Stage at Boggy Depot
click picture to
enlarge |Artist: Joe
Sponsor: William Lobeck & Kathryn
Dedication: April 26, 2004
Size: 16" x 20"
Type: Oil on Canvas
Location: Outside Senate
In 1858, John Butterfield won
a government contract to carry mail from St Louis to San
Francisco twice a week. Butterfield spent more than a million
dollars to start up the company, employing over 800 people
and running up to 250 coaches, 1,000 horses and 500 mules.
The large, high quality coaches weighed about 2,500 pounds
and cost about $1,300 at the time.
The Butterfield Overland Mail
Company originally followed a southern route to avoid heavy
mountain snows, and traveled through Oklahoma with stops
at Boggy Depot, among others. The entire trip of about
2,800 miles was made in twenty-five days and sometimes
less. Lack of water and hostile Indians plagued the route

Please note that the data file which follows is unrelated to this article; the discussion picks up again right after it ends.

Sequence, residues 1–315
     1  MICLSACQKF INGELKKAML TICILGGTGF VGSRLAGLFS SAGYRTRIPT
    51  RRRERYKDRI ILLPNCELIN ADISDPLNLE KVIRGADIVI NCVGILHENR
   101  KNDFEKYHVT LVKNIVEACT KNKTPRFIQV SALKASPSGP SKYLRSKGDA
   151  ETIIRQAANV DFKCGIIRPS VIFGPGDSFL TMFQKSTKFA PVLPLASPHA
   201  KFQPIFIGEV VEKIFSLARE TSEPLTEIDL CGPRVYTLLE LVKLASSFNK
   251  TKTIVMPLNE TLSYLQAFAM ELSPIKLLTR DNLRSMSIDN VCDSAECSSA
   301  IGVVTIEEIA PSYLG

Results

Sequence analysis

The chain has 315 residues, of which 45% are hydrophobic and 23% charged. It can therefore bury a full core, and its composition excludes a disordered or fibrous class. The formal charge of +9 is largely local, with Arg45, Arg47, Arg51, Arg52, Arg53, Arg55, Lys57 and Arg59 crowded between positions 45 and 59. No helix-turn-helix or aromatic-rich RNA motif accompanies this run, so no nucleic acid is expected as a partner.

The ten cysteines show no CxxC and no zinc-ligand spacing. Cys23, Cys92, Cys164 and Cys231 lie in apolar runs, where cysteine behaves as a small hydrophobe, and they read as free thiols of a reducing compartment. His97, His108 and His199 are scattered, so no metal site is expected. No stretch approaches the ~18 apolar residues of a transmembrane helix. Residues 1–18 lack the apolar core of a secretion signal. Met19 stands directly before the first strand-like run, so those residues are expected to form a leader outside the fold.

throughout its existence. Although the coaches had the
mail as their first priority, they also accepted passengers.
The coaches traveled at breakneck speed twenty-four hours
a day with the only stops at station houses where horses
In February 1861, when the citizens
of Texas voted to secede from the Union, the southern mail
route was discontinued in favor of a more northerly route,
but the old Butterfield Road was later used by both the Confederate
and the Union armies.
Boggy Depot's contribution to
Oklahoma outlasted its structures, for it was the source
of the state's name. Boggy Depot was home to Chief Allen
Wright, principal chief of the Choctaw Nation, who suggested
the word "Oklahoma" ("Home of the Red Man”)
in 1866 as the name for the proposed Indian Territory. In
1907, the word was made the official state name.
The Boggy Depot State Park near
Atoka in southeastern Oklahoma, is popular among travelers
for its pleasant surrounding, recreational facilities and
its significance as a major historical site.
Images are copyright
of The Oklahoma State Senate Historical Preservation Fund,
Inc. and the artist. Please contact Sandra Shelton at 521-5663
or email@example.com for
further copyright information.